suffered a severe attack of scarlet i
fever, and recovering from which he !
was left with disease of the ear, to j
which is attributed the case of brain j
fever that resulted fatally. j
Mr. Thomas is thirty-seven years of j
age, and the son of Senator S. L.
Thomas, and has for some time resided ,
on the old home place five miles west
of town. He is also a brother of j
Walter Thomas, now employed in the
B. & M. shops.
At this early hour no arrangements
have been made for the funeral, as the (
father is in Akron, Colo., and expect-!
ed here today, while one brother re-
sides in California, andshould be de-'
cide to attend the funeral will not
held for several days.
Condition Remains the Same.
The latest report from the bedside
of Miss Bessie Ballance is that her
condition remains about the same as
yesterday, and the attending physi
cians are of the opinion that a change
for the better or worse will come with
in the next twenty-four hours. Some
indications are in her favor, while
others are against her, and the latter
a little stronger than the forrrer and
it is feared that the change may be for
Cash or trade paid for butter, eggs
and chickens. J. Hatt & Sox.
l w r r a -
If You're on the Fence
regarding1 your boy's spring suit, now is a good time
to get off and come to our store "where quality
counts." You'll find here the assortment and the
quality you are looking for.
,'A VERY INTERESTING LETTER
I From Noel B. Rawls Former Local Re
! porter for the Evening Journal.
j !;!k, Iiaii, Sunday, May .1, l'.n)7.
i Dkai: Fi:ii:m ok tiik Joikn al
j Foi: k: Some time has elapsed since
I left Plattsmouth, and a 1 am com
; fortably established in Boise thought
it about time I was dropping you a
line or two.
There are a large number of Nebras
ka and Iowa people located in Boise
j and scarcely a day has gone by without
j meeting some one from either of these;
! states or Kansas, but Missouri people
i do not seem to be so numerous here or
j else I do not happen to run across any
; of them.
)tw wurhiiin me sired iasi r ri(jay
j when some one hailed me and looking
around, I saw F. L. Wrenn. lie has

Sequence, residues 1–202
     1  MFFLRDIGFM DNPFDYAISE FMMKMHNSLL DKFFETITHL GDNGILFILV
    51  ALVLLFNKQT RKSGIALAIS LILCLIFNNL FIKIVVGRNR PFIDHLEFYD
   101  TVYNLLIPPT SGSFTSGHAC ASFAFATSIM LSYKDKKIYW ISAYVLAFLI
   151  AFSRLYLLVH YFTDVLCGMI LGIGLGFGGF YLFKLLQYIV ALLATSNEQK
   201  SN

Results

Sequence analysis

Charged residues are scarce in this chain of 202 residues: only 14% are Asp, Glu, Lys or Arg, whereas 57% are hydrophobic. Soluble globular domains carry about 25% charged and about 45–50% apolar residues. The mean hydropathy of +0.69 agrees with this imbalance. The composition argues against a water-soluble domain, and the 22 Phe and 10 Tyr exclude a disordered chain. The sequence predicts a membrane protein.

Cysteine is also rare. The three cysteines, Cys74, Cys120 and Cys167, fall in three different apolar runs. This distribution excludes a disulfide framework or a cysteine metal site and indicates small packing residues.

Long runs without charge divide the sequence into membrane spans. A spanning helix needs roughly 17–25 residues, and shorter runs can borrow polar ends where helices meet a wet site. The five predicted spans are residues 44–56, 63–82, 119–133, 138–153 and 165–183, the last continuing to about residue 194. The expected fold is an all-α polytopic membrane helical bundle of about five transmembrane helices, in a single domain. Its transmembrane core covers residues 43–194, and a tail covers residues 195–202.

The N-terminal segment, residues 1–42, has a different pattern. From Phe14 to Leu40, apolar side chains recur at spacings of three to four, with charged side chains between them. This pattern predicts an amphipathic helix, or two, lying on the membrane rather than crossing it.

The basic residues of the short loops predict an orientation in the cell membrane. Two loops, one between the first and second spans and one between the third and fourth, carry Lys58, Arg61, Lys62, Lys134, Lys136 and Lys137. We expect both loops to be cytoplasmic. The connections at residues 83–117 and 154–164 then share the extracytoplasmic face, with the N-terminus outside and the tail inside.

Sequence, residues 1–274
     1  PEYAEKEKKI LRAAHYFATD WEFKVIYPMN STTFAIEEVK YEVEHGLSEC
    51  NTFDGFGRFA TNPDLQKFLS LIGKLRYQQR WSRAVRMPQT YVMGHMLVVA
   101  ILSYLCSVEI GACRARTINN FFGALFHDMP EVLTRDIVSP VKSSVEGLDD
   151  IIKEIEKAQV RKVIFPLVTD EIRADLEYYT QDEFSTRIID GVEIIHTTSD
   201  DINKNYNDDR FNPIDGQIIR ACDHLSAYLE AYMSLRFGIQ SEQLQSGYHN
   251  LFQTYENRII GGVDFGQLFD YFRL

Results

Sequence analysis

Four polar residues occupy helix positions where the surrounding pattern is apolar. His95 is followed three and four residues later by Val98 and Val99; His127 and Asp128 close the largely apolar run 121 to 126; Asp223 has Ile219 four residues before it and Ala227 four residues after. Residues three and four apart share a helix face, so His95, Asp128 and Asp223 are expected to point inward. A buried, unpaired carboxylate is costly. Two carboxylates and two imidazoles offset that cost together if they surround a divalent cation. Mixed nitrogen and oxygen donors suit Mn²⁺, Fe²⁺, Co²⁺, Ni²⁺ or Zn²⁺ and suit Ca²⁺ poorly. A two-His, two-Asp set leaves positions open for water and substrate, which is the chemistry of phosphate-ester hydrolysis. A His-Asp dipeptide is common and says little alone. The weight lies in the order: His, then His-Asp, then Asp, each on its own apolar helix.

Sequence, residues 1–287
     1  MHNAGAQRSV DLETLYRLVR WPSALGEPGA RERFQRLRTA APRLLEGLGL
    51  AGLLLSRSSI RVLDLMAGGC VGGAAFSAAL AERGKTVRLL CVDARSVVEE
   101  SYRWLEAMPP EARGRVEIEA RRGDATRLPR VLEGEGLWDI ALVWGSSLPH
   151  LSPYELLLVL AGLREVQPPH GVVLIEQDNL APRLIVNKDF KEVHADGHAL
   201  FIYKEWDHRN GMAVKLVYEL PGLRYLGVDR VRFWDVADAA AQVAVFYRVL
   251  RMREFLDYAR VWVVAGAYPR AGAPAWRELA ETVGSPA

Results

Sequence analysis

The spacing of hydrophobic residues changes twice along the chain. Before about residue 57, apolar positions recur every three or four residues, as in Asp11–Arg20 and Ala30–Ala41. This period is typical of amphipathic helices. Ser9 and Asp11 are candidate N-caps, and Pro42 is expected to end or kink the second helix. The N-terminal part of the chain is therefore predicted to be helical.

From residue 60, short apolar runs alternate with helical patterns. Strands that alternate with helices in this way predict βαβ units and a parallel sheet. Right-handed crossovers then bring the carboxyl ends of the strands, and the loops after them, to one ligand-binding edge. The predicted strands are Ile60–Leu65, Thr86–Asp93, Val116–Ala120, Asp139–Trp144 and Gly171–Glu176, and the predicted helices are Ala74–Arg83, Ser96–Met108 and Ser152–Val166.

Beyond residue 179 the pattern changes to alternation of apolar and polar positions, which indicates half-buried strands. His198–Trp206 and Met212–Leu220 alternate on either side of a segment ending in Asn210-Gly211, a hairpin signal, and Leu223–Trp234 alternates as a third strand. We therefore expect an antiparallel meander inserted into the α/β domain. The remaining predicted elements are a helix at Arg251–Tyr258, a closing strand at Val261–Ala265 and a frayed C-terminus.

been here about three days longer
! than I have, and Is foreman for the
i;;10""'; m m
: Omaha man is going to purchase the
! Plattsmouth laundry, and that Mrs.
Wrenn is then coming here. Also saw
George Anderson last week, and hU
wifa came from Plattsmouth last
Wednesday. He worked for Pepper
burg quite a while, and is with a cigar
factory here in Boise. C. S. Polk will
be here the middle of May. He has
a $;ooo residence here and a good law
1 Last Sunday the first Sunday I was
! here Mr. Polk showed me around the
! city, and of all the varieties of (lowers
; and shrubbery, I have never seen any
1 place that would compare with that
! of Boise this time of the year. The
J fruit trees, of which there are acres
I and acres of prunes, cherry, apple, etc.,
have lost their blossoms, and the
prunes are as large as hazel nuts. Ir
rigation is the secret of the wonderful
growth of vegetation and orchards.
The water is secured from the Boisa
river which fiows through the city.
The city is well supplied with two
electric light plants, three street car
lines, two water works sytems one
being a hot water system from the
natural hot springs in the eastern por
tion (if the city. The water has a
tcmpature of 132 degrees as it pours
from the rocks in a stream as large as
a man's body. This water is also cm,
ployed to heat a large number of the
residences of the city (luring th? cold
months of the year.
From the city one can see the snow
topped mountains at the north while
all around can be peen mountains, the
foothills of which lie at the outskirts
or me city, wnicn is comparatively
level, so much so that a large majority
of the people ride bicycles,
In regard to my work must say that
it is very pleasant, but not any more
so than that with the Journal, since I
have thought it over. The territory
I cover includes the court and state
house, the city hall, and divers other
offices, of which a great many are real
estate. Also take In the commercial
club rooms which occupy the fourth
of a tine business block covering an
eighth of a block,
In order that I may keep in touch
with the home town, would like to
have the Journal (the daily) sent to
H24 Bannock street, Boise City, Idaho.
. M i t - A. 1 ft f .
Will see that you get the Capitol
News whenever there is anything of
interest to Plattsmouth.
The Mover-Hay wood-Pettibone mur
der trial begins the 8th of May, and it
has brought a large number of news
paper men from New York, Chicago,
Portland, Seattle, San Francisco and
other places, to look after the "dope"
for their papers. This trial of the of
ficers of the Western Federation of
Miners for the murder of Governor
Steuenenberg promises to be very in
teresting, and preparations are made
for handling large crowds and for ex
tra editions of the paper. Must close
for this spell, hoping to hear from all
of you in the near future, I remain
Noel B. Bawls.
j-. i 1
edy. Acts like a poultice and draws
out infiamation. Gering & Co.